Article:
The Institution of Engineers (India) is a prestigious organisation with more than one million members in 15 engineering disciplines in 114 centers or chapters in India and overseas.

Yet, it doesn’t prefer to publish its journals itself. All of its journals are published by Springer. This concerns me slightly because it helps in maintaining the monopoly that publishing houses have on research publications.

Why do even such large and reputed institutions not choose to publish on their own?

Well after the initial abstract get accepted in conference, then the conference committee decide wether im going to talk ot submit poster…. Now the question is i need to write a full paper since they said “special edition on conference papers will be published by springer”.
If its not necessary to provide full paper does the poster /abstract get published instead?

The Springer template is by far the most bizarre out of all of the LaTeX templates I’ve seen so far. There is no problem as long as you stick to the two-column option, but the appearance of the single column option is just crazy.

The main problems are the following

  • The right margin being outlandishly wide compared to the left margin.
  • Smaller font size in main content
  • Bigger font in reference section

These issues can be corrected to make the format look identical to the published papers in the same journal. However is it necessary?

I would especially like to know from people who have published papers in Springer who have submitted it using the standard LaTeX template provided by the publishers.

This is particularly about Multimedia Tools and Applications, but I’ve noticed this problem in other journals sections that use the same template.

I, and my collaborator (coauthor) from a different university had finished a work last year. We had submitted the full research article to one of the journal published by Springer. My coauthor was the ‘corresponding author’ for the same. We both had contributed equally to this work over a span of 4-5 months.

The article was submitted on March, 2016. Just after few days of the submission, the paper status remained as “With Editor”. Till today (now) the status has not changed at all (not even the date of the status).

I have been trying to convince my coauthor (who is also the corresponding author) to pull out the paper from such a badly managed venue and submit it somewhere else. However, he is reluctant and not interested to listen to me at all.

Moreover, I can’t (shouldn’t) directly write the e-mail for the withdrawal of the paper, as I am not the corr. author. Moreover, it may create conflict of interests.

I have been thinking to step back from this collaboration. Is it a good idea?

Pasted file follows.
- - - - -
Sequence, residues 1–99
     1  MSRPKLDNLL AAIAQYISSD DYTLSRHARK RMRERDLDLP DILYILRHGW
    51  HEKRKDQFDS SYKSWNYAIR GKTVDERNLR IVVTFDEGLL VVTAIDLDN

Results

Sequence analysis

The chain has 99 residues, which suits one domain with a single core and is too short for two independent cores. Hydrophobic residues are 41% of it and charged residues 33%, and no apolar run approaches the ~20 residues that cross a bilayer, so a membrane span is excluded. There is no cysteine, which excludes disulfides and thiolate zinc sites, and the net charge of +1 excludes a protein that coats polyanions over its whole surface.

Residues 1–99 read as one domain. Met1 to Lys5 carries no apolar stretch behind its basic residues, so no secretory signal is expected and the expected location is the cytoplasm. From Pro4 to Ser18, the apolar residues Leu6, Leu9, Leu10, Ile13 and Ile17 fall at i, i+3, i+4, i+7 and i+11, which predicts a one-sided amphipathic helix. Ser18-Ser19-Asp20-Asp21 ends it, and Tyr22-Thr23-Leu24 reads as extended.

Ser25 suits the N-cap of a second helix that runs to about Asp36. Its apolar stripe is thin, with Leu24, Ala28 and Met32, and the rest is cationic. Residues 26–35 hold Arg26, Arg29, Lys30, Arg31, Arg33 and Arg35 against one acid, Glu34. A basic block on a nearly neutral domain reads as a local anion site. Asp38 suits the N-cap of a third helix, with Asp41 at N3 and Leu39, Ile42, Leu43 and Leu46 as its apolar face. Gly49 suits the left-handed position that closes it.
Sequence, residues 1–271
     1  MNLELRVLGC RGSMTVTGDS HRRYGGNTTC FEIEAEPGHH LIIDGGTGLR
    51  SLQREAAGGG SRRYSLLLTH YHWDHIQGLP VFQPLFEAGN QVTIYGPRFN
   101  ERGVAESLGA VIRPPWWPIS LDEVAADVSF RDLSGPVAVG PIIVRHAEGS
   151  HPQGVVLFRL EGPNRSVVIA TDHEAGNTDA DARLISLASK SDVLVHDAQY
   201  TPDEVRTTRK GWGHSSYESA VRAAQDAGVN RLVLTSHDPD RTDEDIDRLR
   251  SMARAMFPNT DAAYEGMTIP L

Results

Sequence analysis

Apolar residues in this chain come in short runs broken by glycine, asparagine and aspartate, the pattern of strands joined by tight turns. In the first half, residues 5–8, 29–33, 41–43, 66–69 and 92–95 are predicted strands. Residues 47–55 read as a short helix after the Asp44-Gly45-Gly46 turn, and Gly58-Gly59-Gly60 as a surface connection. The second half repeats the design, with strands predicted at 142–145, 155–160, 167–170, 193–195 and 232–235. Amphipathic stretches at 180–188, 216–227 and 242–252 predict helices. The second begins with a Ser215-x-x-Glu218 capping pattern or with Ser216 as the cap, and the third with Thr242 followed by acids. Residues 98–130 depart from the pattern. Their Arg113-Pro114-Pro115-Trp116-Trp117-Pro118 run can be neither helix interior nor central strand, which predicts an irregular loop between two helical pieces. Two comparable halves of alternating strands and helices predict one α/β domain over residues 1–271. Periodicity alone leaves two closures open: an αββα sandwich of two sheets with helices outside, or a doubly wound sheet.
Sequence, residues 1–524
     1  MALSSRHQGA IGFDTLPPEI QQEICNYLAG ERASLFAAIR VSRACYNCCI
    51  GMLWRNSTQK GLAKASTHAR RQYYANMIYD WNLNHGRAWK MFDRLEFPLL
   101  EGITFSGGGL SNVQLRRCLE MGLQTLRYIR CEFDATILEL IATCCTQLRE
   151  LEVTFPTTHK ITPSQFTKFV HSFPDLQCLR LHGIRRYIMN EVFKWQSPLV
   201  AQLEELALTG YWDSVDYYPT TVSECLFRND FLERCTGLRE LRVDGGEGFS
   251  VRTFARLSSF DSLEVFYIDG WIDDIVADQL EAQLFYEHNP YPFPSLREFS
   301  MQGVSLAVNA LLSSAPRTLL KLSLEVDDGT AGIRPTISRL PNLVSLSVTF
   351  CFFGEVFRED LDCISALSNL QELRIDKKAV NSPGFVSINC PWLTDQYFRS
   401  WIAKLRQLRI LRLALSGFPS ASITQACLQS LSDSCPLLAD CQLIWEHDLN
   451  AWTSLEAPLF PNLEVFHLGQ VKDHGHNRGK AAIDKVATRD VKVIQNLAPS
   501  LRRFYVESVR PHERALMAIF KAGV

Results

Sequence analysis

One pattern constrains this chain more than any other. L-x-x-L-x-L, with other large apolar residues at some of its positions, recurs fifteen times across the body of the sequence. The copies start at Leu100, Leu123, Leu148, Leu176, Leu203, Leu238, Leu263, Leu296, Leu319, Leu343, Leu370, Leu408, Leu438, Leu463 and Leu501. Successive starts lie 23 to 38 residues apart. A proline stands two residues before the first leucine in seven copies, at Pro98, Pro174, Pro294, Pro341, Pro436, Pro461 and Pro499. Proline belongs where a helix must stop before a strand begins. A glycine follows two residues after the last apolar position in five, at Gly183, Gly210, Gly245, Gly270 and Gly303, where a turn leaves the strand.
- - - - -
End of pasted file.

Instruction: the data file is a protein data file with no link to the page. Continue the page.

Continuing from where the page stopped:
I have been confused with the present status of my manuscript whose status follows the following timeline:

  1. Manuscript initially submitted through Editorial Manager (Springer): 25 Jan 2017
  2. Under Review: 27 Feb 2017 till 9 Jun 2017
  3. Reviews completed: 10 Jun 2017 till 22 Jun 2017
  4. Editor assigned: 22 Jun 2017

The journal is in the field of Computer Science and Computational Mechanics (Applied Computer Science).

My inferences from the above strange timeline:

  1. The reviews have been completed and the system administrator or the journal manager assigned the editor (who is assumed to be associated with it earlier) to take care of the review reports and make a call.
  2. The number of review reports is not sufficient. It would be re-reviewed and handled by another editor.
  3. It is a software issue or a bug.

I have the following questions:

  • Whether is my inference correct?
  • As one can see, it has been 6 months already. Is it too early to send a gentle reminder to the editor-in-chief to look after my manuscript?
  • Is such a timeline of manuscript ‘strange’ at all? (Although it is difficult to answer this unless the editorial manager software is understood properly.)

Related posts and questions:

Springer’s self-archiving policy ( https://www.springer.com/gp/open-access/authors-rights/self-archiving-policy/2124 ) says:

By signing the Copyright Transfer Statement you still retain
substantial rights, such as self-archiving: “Authors may self-archive
the author’s accepted manuscript of their articles on their own
websites. Authors may also deposit this version of the article in
any repository, provided it is only made publicly available 12 months
after official publication or later
. (…)

Prior versions of the article published on non-commercial pre-print servers like arXiv.org can remain on these servers and/or can be
updated with the author’s accepted version.

So if I’m understanding correctly, if you have not uploaded the paper to arXiv or other repositories beforehand, then a 12-month embargo applies before you are allowed to publish the accepted manuscript in any repository. However, if you have uploaded the paper to arXiv or some other repository, then you are allowed to post the accepted manuscript there with no embargo as an update of the previous version.

Not that I understand why such a policy can make sense, but my real question is: how should “prior” be interpreted there? Prior to paper acceptance or prior to the first submission?

That is, for example: is it OK to submit a paper to one of these journals, be asked for major revisions, then do the revisions and submit them to arXiv in addition to the journal, and finally update the arXiv entry when the paper is accepted?